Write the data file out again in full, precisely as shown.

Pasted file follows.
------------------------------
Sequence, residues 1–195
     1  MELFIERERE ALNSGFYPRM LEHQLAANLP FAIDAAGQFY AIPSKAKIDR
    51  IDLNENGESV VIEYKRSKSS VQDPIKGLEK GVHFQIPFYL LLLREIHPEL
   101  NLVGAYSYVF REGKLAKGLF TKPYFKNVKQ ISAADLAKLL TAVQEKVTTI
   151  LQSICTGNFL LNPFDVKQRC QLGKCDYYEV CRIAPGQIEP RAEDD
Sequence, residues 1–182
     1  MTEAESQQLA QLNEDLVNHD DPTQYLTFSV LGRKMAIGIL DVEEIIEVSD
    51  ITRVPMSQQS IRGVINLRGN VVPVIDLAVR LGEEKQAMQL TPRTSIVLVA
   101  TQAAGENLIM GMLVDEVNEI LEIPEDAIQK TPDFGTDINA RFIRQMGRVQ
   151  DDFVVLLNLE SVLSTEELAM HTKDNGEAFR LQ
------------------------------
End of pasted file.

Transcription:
Sequence, residues 1–195
     1  MELFIERERE ALNSGFYPRM LEHQLAANLP FAIDAAGQFY AIPSKAKIDR
    51  IDLNENGESV VIEYKRSKSS VQDPIKGLEK GVHFQIPFYL LLLREIHPEL
   101  NLVGAYSYVF REGKLAKGLF TKPYFKNVKQ ISAADLAKLL TAVQEKVTTI
   151  LQSICTGNFL LNPFDVKQRC QLGKCDYYEV CRIAPGQIEP RAEDD
Sequence, residues 1–182
     1  MTEAESQQLA QLNEDLVNHD DPTQYLTFSV LGRKMAIGIL DVEEIIEVSD
    51  ITRVPMSQQS IRGVINLRGN VVPVIDLAVR LGEEKQAMQL TPRTSIVLVA
   101  TQAAGENLIM GMLVDEVNEI LEIPEDAIQK TPDFGTDINA RFIRQMGRVQ
   151  DDFVVLLNLE SVLSTEELAM HTKDNGEAFR LQ